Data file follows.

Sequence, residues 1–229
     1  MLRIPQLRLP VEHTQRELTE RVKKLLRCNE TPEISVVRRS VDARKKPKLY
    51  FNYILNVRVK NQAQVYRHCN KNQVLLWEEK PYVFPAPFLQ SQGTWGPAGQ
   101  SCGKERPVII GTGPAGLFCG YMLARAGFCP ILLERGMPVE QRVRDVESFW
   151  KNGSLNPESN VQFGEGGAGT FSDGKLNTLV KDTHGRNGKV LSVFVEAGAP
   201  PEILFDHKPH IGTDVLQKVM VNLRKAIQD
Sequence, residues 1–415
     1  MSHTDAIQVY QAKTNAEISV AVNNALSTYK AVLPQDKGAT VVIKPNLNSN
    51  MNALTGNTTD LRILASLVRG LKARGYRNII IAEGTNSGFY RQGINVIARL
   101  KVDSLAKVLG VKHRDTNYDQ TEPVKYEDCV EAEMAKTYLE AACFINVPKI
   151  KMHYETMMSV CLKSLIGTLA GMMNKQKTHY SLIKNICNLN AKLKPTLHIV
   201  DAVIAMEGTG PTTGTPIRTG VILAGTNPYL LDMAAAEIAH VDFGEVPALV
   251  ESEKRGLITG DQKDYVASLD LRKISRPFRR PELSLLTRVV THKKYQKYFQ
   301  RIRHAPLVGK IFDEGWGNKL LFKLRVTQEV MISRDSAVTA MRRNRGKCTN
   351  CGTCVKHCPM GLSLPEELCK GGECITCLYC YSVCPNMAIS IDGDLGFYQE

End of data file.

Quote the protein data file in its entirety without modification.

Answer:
Sequence, residues 1–229
     1  MLRIPQLRLP VEHTQRELTE RVKKLLRCNE TPEISVVRRS VDARKKPKLY
    51  FNYILNVRVK NQAQVYRHCN KNQVLLWEEK PYVFPAPFLQ SQGTWGPAGQ
   101  SCGKERPVII GTGPAGLFCG YMLARAGFCP ILLERGMPVE QRVRDVESFW
   151  KNGSLNPESN VQFGEGGAGT FSDGKLNTLV KDTHGRNGKV LSVFVEAGAP
   201  PEILFDHKPH IGTDVLQKVM VNLRKAIQD
Sequence, residues 1–415
     1  MSHTDAIQVY QAKTNAEISV AVNNALSTYK AVLPQDKGAT VVIKPNLNSN
    51  MNALTGNTTD LRILASLVRG LKARGYRNII IAEGTNSGFY RQGINVIARL
   101  KVDSLAKVLG VKHRDTNYDQ TEPVKYEDCV EAEMAKTYLE AACFINVPKI
   151  KMHYETMMSV CLKSLIGTLA GMMNKQKTHY SLIKNICNLN AKLKPTLHIV
   201  DAVIAMEGTG PTTGTPIRTG VILAGTNPYL LDMAAAEIAH VDFGEVPALV
   251  ESEKRGLITG DQKDYVASLD LRKISRPFRR PELSLLTRVV THKKYQKYFQ
   301  RIRHAPLVGK IFDEGWGNKL LFKLRVTQEV MISRDSAVTA MRRNRGKCTN
   351  CGTCVKHCPM GLSLPEELCK GGECITCLYC YSVCPNMAIS IDGDLGFYQE